O'Connell has written several books on volunteerism and philanthropy, including The Board Member's Book: Making a Difference in Voluntary Organizations. In the recently revised second edition, he describes the trusteeship and stewardship responsibilities of serving on a board. One section, for example, offers advice on recruiting, encouraging, and evaluating the organization's executive director. O'Connell, who oversees a staff of 45, knows firsthand the challenges of working with both volunteers and staff--and he doesn't think it's a job for everyone.

"Many people are just not suited temperamentally to the role of executive director. It requires someone who can deal with many different volunteers, a great deal of emotions, and a great deal of ambivalence," he notes. "You often don't find satisfactions coming on a daily or weekly basis. It may take a year before you can look back and see what you've accomplished. A lot of people don't like to be so unsettled.

"One lesson I've learned is participatory management--and I don't mean that just in terms of jargon," he continues. "When I was younger, I thought I should have all the answers and inspire the staff to pursue my interpretation of those answers. But if you're dealing with an issue that's beyond the capacity of one individual to sort out, it makes more sense to bring in a group of people whose judgments you trust." Now O'Connell prefers to gather volunteers and staff and say, "I don't have the slightest idea what to do. Let's talk about it."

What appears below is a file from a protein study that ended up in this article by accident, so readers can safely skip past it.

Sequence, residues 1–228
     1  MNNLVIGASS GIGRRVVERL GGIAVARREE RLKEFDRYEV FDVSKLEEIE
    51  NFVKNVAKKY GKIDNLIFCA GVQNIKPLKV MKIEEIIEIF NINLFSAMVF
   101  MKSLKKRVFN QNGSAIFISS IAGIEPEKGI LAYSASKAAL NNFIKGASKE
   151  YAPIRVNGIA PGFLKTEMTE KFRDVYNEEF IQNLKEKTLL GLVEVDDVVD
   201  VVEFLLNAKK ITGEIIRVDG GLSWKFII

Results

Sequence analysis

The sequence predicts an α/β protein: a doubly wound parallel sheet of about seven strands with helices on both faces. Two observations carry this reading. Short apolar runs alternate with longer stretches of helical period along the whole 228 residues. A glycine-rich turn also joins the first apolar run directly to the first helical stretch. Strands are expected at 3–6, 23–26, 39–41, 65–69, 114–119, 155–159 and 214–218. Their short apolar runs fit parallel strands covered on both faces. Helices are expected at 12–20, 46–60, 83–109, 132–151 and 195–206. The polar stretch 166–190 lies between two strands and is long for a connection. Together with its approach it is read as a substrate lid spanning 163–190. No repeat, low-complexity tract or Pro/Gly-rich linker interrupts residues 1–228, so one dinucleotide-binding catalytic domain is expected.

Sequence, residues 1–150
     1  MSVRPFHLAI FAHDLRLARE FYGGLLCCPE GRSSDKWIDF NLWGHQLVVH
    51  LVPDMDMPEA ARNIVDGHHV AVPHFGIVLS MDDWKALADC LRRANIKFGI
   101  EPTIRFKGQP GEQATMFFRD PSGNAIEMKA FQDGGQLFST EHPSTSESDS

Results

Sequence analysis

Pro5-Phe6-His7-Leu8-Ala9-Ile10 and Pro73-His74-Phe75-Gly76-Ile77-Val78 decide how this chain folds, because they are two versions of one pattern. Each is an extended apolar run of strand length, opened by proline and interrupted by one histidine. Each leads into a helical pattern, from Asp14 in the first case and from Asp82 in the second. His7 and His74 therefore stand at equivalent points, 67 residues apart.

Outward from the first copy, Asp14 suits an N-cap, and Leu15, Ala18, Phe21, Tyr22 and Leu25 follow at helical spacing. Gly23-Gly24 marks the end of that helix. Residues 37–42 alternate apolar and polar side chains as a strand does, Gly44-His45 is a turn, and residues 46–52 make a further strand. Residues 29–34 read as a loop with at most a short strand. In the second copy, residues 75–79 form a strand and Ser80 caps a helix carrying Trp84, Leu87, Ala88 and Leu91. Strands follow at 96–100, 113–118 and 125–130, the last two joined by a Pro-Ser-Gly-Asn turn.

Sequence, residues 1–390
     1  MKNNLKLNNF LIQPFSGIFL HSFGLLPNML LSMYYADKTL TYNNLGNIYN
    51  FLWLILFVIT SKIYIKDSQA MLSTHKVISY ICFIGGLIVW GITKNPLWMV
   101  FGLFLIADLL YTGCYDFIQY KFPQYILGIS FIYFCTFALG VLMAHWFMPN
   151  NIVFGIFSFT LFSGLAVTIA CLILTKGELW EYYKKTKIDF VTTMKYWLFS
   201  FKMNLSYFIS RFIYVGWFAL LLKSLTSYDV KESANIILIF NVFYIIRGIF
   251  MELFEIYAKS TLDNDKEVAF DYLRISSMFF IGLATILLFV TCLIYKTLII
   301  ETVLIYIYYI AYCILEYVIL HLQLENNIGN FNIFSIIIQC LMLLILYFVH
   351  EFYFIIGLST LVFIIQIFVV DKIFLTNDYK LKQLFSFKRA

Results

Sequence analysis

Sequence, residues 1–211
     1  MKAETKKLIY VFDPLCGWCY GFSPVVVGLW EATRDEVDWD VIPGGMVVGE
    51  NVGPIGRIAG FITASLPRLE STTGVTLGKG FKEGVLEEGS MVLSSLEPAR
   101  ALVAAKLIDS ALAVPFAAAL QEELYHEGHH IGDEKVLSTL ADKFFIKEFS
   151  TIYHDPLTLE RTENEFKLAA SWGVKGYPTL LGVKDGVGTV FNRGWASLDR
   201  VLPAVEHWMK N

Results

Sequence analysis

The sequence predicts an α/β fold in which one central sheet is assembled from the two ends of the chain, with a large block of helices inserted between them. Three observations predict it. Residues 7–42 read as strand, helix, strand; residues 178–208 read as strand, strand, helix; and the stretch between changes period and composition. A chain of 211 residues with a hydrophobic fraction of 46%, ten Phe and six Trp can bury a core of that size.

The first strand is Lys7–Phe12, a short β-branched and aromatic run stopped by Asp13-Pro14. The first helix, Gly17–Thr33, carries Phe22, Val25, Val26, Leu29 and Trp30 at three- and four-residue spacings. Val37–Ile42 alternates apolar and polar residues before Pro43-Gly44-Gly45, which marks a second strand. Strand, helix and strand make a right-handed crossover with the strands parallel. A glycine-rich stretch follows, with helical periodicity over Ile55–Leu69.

Looking ahead, O'Connell identifies several challenges. He believes organizations must "make a better case for themselves" with the public and with potential volunteers rather than rely on emotional appeals. That means being open, accountable, and able to prove your association makes a difference in the cause it represents. He also foresees the need to make better investments--in people.

"We tend not to believe much in investing in staff development, board development, or volunteer development on the grounds that all money should go into programs. We're finding that's shortsighted. A good organization has to invest in the things that will make it more effective in fulfilling its public service role 10 or 15 years from now," he says.

"Now, and even more so in the future, the effective staff person is one who makes the most of all the talents and energies of volunteers rather than trying to do everything himself or herself. One lesson of the last 10 years, with the cutbacks in all kinds of organizations, is that volunteers can do all sorts of things that we gradually squeezed them out of in the name of professionalism." In other words, concludes O'Connell, "We've discovered the volunteer."

Sandra R. Sabo is a free-lance writer based in Mendota Heights, Minnesota.
COPYRIGHT 1994 American Society of Association Executives
No portion of this article can be reproduced without the express written permission from the copyright holder.
Copyright 1994, Gale Group. All rights reserved. Gale Group is a Thomson Corporation Company.

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Title Annotation:volunteers as organizations' most important resource
Author:Sabo, Sandra R.
Publication:Association Management
Date:Mar 1, 1994